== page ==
Love thy neighbour

love thy neighbour

In Imam Ghazali’s Kitaab Al-Arba’in Fi Usul ad-Din, The Forty Principles of the Religion, he explores how to deal with different people. In this section we will look at how to treat neighbours.

Neighbours have extensive rights

Ghazali quotes a hadith that the first disputants on the Day of Judgement will be neighbours with a dispute. However, conflict, a stronger hadith is that the Prophet (peace be on him) was sent so many instructions to be good to neighbours, that he felt it would not be long before he would be commanded him to leave a portion of his inheritance to his neighbours as well. He (peace be on him) said:

Jibril kept recommending me to treat my neighbour well until I thought that he would tell me to make him one of my heirs. (Bukhari)

After describing the rights of neighbours, the Prophet Mohammed is reported to have stated:

“Listen to what I tell you. Only a few people who are blessed by God’s Mercy fulfil the rights of neighbours. God enjoined on me the rights of the neighbour to the extent that I thought He would appoint him as an heir.” [Mustadrak al-Wasa’il]

There are plenty of authentic narrations on this topic, as the concept of neighbours is very deep in the sunnah and unsurprisingly supported by a multitude of hadith. Even the Quran mentions the neighbour in Surah Nisa:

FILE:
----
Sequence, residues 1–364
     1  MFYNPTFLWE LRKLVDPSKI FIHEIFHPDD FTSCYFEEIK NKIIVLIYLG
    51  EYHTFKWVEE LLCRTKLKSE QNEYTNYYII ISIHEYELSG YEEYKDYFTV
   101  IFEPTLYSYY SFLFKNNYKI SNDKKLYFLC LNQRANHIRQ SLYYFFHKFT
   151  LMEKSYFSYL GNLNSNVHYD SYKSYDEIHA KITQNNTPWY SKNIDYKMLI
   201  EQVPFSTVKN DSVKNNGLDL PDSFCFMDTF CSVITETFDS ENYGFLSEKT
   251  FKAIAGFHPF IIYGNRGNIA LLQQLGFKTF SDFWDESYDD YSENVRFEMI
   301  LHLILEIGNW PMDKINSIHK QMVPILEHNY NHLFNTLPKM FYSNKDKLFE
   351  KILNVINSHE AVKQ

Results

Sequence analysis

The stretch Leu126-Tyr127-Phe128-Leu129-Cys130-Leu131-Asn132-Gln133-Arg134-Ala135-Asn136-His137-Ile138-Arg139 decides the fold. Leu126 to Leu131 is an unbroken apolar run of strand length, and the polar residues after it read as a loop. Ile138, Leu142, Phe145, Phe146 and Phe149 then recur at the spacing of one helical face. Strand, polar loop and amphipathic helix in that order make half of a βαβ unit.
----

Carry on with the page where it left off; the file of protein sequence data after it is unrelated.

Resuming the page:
Worship Allah and associate nothing with Him, and to parents be excellent, and to relatives, orphans, the needy, the near neighbour, the neighbour farther away, the companion at your side, the traveller, and those whom your right hands possess. Indeed, Allah does not like those who are self-deluding and boastful. (4:36)

Allah Almighty commands us to be good to neighbours twice in the same ayah to those who are close as well as those who are far. The Prophet (peace be on him) also confirmed this in a multitude of hadith.

Why must we be good to neighbours?

It is important to have good relations with your neighbours, because you live in close proximity to them, with the exception of rural areas where your closest neighbours live 200m away, even then they are still your neighbours. If you have a nice neighbour he can make your day, and if you have a bad neighbour, he can make your life hell.

I had a friend who moved out of his dream home which he painstakingly refurbished because of his nasty neighbours. They can make life so miserable that they can drive you away. A good neighbour is a grace from Allah Almighty.

Finding alternate ways to resolve your dispute